• I came home to find a ticket from DHL on my door — my new computer had arrived, but a signature was required for delivery and I hadn't been home. I wouldn't be home the next afternoon either, so I called the phone number that was printed in big bold type all over the ticket. The answering system had an option for "you won't be in tomorrow," and after I selected it, the message told me to enter my zip code. I did and was transferred to the local office's phone, which rang and rang. I let it ring for three or four minutes before giving up. Then I tried again and it was busy. Then I looked up the phone number online and called direct — still no answer. Back to the number on the ticket. No luck.

    I wanted my computer. I looked up where the package had been before being loaded onto the truck. Oakland. Google told me DHL's Oakland location was Hangar 9, North Field, Oakland International Airport. So I drove to Hangar 9. There was no place to park, but I saw a truck stopped near a fence so I parked in front of it. I found a little office and showed someone my ticket. He was a little nonplussed but said he could get my package out of the warehouse. A few minutes later I signed for it and left. As I started my car, right in front of me I saw the Goodyear Blimp coming in for a landing.

  • When I hear a song on the radio and decide to buy the album, often the song I know is not the best one. That's always a nice surprise. But this is not the case with Pandora (ie, pandora.com). It's the same story every time: hear a song on Pandora, buy the album, listen to it several times, and conclude that the song you heard on Pandora is definitely the best one, often the only good one. But this makes sense, I guess: Pandora isn't trying to match you up with bands or albums, merely songs. If the band in question had come up with a song you'd like more, Pandora would have picked that one.

  • Seen on a menu: Frash Mushrooms. I hope the "a" was the typo and not the "F".

  • I recently made a bunch of space-themed Windows backgrounds in Photoshop. When I went looking for photos of Venus online, I found that the vast majority of them were radar images of the surface rather than actual photos in visible light showing the clouds. Maybe Google just assumed based on my past history that I was looking for naked pictures. Still, it is weird to me that there is a generation that thinks Venus looks like Io.

  • In the thirteen-plus years I've been tutoring, I have heard literally hundreds of apologies from my students and their family members for their dogs' behavior. None of them has ever had to apologize for a cat.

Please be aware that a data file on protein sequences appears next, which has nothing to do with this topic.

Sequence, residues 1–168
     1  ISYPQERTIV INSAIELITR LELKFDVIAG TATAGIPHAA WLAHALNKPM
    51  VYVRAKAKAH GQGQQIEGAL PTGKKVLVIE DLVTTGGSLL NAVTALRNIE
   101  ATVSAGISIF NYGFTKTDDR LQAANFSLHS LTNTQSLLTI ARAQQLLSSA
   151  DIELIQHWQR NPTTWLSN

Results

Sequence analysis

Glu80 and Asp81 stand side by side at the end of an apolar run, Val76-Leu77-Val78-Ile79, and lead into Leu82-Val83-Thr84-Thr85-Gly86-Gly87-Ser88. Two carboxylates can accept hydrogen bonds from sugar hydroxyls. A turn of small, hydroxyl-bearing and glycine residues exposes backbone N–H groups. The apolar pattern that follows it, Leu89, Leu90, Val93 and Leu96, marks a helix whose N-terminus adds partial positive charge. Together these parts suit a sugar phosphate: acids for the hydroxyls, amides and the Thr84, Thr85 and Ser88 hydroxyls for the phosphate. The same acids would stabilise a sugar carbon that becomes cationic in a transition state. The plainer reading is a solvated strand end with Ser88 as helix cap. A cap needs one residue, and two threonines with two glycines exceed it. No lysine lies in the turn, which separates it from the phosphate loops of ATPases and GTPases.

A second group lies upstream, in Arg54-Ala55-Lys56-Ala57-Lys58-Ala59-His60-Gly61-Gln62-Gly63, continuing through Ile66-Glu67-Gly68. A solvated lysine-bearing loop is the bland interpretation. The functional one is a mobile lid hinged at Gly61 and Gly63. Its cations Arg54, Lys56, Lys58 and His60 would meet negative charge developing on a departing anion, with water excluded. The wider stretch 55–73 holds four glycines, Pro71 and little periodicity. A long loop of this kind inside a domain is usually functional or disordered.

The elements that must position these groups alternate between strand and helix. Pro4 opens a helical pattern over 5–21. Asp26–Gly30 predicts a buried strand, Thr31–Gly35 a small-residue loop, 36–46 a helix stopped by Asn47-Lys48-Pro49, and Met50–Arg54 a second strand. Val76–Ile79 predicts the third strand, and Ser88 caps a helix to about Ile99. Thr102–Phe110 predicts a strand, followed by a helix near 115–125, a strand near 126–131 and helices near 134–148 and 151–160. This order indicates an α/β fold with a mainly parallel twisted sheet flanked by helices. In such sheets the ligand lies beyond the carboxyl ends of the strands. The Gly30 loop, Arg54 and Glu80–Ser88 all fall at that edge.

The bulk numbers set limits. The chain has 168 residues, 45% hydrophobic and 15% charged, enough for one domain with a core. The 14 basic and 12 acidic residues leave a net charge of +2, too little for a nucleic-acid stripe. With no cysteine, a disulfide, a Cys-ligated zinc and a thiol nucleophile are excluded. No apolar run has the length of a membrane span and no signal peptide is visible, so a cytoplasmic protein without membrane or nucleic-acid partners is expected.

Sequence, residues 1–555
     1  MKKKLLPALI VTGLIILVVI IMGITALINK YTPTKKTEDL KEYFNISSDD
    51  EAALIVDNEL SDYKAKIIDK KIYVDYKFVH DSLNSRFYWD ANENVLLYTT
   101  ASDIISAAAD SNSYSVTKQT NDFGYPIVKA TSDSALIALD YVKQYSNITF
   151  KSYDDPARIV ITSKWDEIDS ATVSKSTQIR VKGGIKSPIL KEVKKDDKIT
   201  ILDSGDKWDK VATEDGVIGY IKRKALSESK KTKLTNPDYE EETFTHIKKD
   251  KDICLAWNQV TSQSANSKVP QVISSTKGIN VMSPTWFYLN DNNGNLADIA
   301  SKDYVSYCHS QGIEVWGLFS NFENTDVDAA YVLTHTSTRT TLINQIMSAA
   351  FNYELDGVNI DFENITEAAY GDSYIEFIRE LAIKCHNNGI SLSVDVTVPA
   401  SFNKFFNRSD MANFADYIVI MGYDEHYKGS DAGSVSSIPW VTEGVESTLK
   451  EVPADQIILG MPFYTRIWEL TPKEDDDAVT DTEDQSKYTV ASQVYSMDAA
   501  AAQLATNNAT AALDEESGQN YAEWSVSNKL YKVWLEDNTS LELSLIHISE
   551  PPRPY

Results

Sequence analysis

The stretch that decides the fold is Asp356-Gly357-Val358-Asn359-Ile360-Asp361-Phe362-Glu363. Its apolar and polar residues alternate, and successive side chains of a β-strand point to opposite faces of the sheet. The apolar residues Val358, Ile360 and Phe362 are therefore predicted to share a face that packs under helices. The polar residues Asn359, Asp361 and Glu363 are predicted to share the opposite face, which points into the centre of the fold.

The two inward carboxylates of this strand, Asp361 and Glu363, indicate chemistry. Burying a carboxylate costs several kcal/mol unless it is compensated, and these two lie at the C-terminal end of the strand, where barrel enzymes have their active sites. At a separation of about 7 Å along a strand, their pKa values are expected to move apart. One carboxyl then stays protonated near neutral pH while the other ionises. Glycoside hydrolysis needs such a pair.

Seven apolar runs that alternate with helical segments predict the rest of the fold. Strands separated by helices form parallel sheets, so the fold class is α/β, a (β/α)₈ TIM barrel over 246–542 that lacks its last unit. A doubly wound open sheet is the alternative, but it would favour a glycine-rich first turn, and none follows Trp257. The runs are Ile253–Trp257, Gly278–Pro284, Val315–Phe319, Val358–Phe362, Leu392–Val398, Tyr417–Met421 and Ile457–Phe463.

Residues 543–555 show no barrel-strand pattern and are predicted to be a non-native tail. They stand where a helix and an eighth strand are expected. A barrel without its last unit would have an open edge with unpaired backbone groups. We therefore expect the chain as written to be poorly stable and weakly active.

• I was at a student's house when the phone in the kitchen rang. Then the phone rang again. Then an authoritative male voice said, "Hello!" The phone rang again. The voice said "Hello!" again. The phone rang again. There was the beep of an answering machine. The phone rang again. There was another beep. The phone rang again. Then: "Awwwwk."

  • In Phoenix, two news helicopters covering a police chase crashed into each other and exploded. I went to the web site of a Phoenix TV station and watched a clip of its coverage. The anchors were trying to be somber as they spoke of the deaths of their fellow staff members but their funereal tone was somewhat undermined by the accompanying newscrawl's breathless report that ZSA ZSA GABOR'S HUSBAND FOUND NAKED IN CAR.

  • I sometimes go to arf.net and look at the cats they have available for adoption — sort of the same principle that gets me browsing rental listings on craigslist.org even though I'm not looking to move at the moment. One of them had such an prominent snout that I dubbed it Dogcat. Much to my chagrin, over the course of the past year or so most of the characters on Scary Go Round, Erin and Esther in particular, have succumbed to Dogcat effect. Their lower faces have swollen up unpleasantly since last September.

  • It occurred to me that the screen resolution I imprinted on as a kid — 320 x 200, CGA — was eight by five and therefore a truer forebear to my current eight by five screen (with six times the diagonal) than were all the four by three resolutions from VGA through UXGA that I used from the ages of fifteen to thirty.

  • On Shattuck Avenue a man asked me for change to get something to eat. in a fit of generosity, I offered him one of the items I had purchased at Gregoire, a very well regarded French takeout place on Cedar. He angrily turned me down and stormed away!

  • I used to have a great story. See, in the GRE manual I use in my job there is a word association exercise. The exercise presents a list of words whose definitions most students don't know. It then asks students to think of a phrase that includes the word. So, say the word is "cardinal." One phrase that includes that word is "cardinal directions." Those are the main directions, so "cardinal" must mean "main," at least in some contexts.

    Another word on the list is prodigal. Once, years ago, I asked a student what phrase this made her think of. She said, "Prodigal son." I asked, "And who was the prodigal son?" She thought for a moment and replied, "Jesus?"

    As I say, I used to have a great story. The reason this is no longer a great story is because it turns out that everybody guesses Jesus.